In recent months, the logistics industry has seen a staggering increase in the use of robots and automation within warehouse processes. Due to labour shortages and cost increases, companies are searching for ways to increase their productivity and production lines without the huge costs associated. According to Innovation Driven Resilience, around 38% of logistics companies have a working robotic warehouse, and about 23% are planning to incorporate robots and automation within the next 12-24 months.
Robots are already being used in a wide range of logistics, sometimes extensively. For example, robots are now being used to transport goods across continents. In fact, there are even robots that deliver packages directly to people’s doors. However, we can see that this trend will continue over the coming decades.
Over time, robotics will just slowly creep into more and more areas. This is because the complexity of the supply chains makes it di cult for humans to do everything themselves. As such, we will start seeing more and more use cases where robots perform speci c tasks. These tasks include picking up items off shelves, transporting items around warehouses, and performing repetitive work.
Due to the complex nature of the supply chain, humans will still almost certainly play an important role. There will be plenty of jobs where robots simply cannot replace humans. Instead, they will complement them. Think about it: you wouldn’t want your pizza delivery guy driving a robot car, would you?
Autonomous robots are often seen as the future of many industries, especially the supply chain. This is because they have the potential to reduce operating costs while increasing revenue. Additionally, autonomous robots can help increase overall e ciency and productivity, reduce error and re-work rates, and improve employee safety. Not to mention, autonomous robots can take on low-value tasks that bore humans so that they can focus on more strategic goals that cannot be automated.
Flexibility is now the key to success in logistics. The ability to be exible and respond quickly is not only important in production but also in logistics. Mobile robots are replacing stationary conveying equipment and transporting goods from one place to another. Mobile robots are also used in logistics for fast picking. Localisation solutions help them move around freely and be where they’re needed most.
Service robots, especially Autonomous Mobile Robots (AMR) and Autonomous Guided Vehicles (AGV), have seen greater adoption in recent months due to the COVID pandemic and the increasing trend for contactless delivery. These robots are flexible, cost-effective, scalable, and effcient, making them ideal for logistics and delivery purposes.
Robots are revolutionising many industries today. From manufacturing to logistics, we see how automation is changing our lives. However, one industry that hasn’t seen much progress is warehousing. While warehouses have been around since ancient times, they haven’t changed much over the centuries. They’re still primarily manual processes, requiring many people to pick, pack, and ship products.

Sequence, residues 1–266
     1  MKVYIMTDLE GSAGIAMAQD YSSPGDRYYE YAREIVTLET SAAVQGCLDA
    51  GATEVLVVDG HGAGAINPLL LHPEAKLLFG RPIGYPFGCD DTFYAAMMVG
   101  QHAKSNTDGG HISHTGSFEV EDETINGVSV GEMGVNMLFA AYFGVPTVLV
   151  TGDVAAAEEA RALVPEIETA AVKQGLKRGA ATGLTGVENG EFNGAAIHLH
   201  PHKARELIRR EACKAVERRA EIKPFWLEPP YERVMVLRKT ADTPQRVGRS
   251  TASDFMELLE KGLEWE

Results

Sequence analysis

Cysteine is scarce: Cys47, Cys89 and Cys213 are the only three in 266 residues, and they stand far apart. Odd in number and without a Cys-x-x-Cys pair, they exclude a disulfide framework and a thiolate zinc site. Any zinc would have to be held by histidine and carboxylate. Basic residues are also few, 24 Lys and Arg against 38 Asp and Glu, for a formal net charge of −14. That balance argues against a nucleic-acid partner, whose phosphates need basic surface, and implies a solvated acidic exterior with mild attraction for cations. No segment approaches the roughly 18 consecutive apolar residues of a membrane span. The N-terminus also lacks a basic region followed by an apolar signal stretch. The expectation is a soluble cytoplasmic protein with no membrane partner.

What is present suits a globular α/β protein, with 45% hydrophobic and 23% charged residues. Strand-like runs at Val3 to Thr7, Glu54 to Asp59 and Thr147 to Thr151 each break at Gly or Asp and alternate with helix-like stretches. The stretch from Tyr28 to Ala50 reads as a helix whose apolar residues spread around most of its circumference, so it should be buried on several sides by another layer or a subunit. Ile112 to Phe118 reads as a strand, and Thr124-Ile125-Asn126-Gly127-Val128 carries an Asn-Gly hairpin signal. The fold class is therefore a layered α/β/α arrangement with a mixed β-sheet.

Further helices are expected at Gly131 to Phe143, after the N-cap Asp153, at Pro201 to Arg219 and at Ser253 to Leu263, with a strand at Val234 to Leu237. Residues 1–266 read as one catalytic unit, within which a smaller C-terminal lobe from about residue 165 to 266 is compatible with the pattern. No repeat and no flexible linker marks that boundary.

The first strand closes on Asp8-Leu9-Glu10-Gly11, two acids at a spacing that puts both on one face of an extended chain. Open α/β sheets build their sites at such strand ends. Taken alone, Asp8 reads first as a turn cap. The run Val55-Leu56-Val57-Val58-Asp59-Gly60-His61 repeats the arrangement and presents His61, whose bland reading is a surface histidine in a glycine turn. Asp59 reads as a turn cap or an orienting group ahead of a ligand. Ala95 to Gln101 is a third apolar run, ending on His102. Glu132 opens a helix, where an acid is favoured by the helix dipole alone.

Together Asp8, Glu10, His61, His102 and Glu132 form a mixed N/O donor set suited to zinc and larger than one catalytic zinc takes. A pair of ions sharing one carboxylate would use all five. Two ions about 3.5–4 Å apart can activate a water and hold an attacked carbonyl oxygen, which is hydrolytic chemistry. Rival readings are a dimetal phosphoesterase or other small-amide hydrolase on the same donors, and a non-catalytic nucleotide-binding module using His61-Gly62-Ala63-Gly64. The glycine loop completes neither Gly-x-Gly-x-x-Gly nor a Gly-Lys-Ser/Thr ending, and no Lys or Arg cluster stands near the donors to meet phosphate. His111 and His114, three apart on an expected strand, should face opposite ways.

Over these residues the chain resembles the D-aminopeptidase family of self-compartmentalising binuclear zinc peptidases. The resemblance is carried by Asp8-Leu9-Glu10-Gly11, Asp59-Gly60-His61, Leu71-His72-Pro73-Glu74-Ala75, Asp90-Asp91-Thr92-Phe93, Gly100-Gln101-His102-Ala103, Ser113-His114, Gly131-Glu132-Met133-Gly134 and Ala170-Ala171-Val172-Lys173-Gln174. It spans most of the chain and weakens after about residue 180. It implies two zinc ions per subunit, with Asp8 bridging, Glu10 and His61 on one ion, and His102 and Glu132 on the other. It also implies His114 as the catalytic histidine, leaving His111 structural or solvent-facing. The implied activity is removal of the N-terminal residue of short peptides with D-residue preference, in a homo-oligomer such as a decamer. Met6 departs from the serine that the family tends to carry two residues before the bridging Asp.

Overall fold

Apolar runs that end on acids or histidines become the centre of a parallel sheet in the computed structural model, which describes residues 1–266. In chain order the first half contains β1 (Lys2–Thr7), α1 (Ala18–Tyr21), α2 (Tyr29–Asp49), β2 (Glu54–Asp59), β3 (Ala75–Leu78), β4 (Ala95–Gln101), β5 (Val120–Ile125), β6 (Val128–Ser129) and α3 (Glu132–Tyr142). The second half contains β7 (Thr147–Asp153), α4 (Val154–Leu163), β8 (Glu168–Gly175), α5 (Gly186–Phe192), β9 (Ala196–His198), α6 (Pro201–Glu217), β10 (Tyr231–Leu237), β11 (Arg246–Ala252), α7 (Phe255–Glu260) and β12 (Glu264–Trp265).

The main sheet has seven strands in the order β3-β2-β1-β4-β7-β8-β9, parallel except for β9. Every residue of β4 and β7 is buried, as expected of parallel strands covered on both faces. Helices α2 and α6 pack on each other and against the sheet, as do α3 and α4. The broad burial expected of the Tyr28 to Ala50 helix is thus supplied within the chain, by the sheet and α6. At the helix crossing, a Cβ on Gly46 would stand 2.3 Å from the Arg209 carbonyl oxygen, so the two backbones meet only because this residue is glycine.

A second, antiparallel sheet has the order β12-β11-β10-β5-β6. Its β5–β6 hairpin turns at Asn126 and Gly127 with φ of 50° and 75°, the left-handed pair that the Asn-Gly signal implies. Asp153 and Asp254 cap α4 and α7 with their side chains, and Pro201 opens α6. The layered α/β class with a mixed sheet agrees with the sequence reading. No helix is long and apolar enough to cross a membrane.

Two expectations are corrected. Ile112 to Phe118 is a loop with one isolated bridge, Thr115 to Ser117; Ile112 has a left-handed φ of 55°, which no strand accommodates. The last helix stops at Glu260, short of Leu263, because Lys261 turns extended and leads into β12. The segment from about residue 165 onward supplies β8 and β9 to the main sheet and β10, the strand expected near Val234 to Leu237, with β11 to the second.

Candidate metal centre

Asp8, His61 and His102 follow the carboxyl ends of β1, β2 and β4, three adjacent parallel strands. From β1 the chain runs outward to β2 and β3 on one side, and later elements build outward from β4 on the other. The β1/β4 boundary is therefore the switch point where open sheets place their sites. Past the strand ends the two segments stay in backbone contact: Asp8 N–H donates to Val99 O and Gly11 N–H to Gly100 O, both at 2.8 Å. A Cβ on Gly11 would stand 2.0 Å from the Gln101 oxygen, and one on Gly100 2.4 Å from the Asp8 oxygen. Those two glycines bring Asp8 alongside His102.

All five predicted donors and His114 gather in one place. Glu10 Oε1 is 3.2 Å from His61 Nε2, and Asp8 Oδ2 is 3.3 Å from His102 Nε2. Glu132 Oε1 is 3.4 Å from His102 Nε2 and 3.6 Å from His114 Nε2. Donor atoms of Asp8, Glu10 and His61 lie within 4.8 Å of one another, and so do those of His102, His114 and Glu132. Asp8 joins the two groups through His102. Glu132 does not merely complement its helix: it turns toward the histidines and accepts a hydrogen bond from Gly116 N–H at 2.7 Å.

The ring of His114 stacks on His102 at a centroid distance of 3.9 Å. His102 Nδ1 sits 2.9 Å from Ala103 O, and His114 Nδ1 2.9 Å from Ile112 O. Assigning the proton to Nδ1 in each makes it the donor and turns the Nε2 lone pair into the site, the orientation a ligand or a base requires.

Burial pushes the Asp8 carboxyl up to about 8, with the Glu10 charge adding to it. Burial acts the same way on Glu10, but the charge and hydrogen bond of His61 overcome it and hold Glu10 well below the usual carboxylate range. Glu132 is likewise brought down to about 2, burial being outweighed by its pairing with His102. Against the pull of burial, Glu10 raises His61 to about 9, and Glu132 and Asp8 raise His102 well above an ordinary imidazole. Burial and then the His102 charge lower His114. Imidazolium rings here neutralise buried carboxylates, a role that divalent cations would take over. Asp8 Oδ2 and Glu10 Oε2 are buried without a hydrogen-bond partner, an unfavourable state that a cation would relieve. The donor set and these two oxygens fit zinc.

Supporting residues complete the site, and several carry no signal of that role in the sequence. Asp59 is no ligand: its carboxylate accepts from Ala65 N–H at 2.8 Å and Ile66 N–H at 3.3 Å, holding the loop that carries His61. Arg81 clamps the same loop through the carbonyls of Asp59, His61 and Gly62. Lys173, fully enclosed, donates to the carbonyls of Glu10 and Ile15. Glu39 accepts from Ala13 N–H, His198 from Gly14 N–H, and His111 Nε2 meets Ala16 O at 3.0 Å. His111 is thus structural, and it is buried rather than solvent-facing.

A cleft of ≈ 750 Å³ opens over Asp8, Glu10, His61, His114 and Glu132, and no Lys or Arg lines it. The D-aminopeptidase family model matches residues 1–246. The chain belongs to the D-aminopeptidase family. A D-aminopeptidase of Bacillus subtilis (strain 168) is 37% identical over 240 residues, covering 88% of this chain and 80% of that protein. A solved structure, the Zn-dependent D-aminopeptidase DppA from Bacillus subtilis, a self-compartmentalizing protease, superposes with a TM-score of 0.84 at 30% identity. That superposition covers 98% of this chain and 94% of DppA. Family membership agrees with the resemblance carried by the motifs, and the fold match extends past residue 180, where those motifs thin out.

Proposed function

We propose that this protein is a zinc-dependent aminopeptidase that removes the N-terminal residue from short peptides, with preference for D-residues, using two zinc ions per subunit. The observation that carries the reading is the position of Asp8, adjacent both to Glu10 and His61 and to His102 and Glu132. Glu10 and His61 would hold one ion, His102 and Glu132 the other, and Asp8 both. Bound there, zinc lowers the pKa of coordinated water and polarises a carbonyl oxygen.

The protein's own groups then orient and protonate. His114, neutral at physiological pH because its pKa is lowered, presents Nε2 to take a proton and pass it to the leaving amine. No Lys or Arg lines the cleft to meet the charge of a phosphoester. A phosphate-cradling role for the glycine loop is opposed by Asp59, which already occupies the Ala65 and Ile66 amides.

But what if you could automate every step of the process? What if you could make sure that everything arrives safely at its destination? And what if it didn’t take up too much space along the way? This is where robotics comes into play.
However, there are still many barriers to overcome before we start seeing fully automated warehouses. For example, most solutions out there require large areas to operate. If you want to use a robot to transport goods throughout a warehouse, you need to provide enough room for it to move around without hitting anything. You also need to give it enough power to lift heavy items.
And while robots might seem like a good idea, they aren’t very effective at picking things up off the ground. There are ways to solve this problem, such as using grippers or suction cups. But even those don’t work well with certain types of items, such as boxes or small parts.
Another challenge is figuring out how to keep track of inventory. Most robots rely on barcodes or RFID tags to identify the objects they’re handling. Unfortunately, neither of these options works well in a warehouse environment. Barcode scanners often fail to read labels properly, and RFID tags can easily fall off or become damaged during shipping.
So far, no solution exists that provides reliable tracking of thousands of different items in real time. Without accurate information about stock levels and locations, robots won’t be able to manage inventory effectively.
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For as long as we can remember, Mango Logistics has developed an efficient solution for the logistics and storage industry. Our teamwork and ethic have always been to support our clients and continue to streamline our approach to the way we work. While there has been some concern in the press about the future of humans in the workplace, Mango Logistics will always make sure that humans, whether they are our staff or clients, are thepriority.
While some automated solutions may be able to work as well as humans, Mango Logistics has set out to make sure that no technology will replace the human touch. We favour a person-first approach, and we hope that the future of the logistics industry with combined robotics only works to support the employees of the industry and the clients it serves. Mango Logistics will continue to put people first.
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Mango Logistics Group is one of London’s best-loved courier and storage companies. Based minutes away from London Bridge/Tower Bridge, the group is made up of three companies, Mango Couriers, Mango Storage and Mango International which individually and collectively offer bespoke logistics solutions to a varying number of industries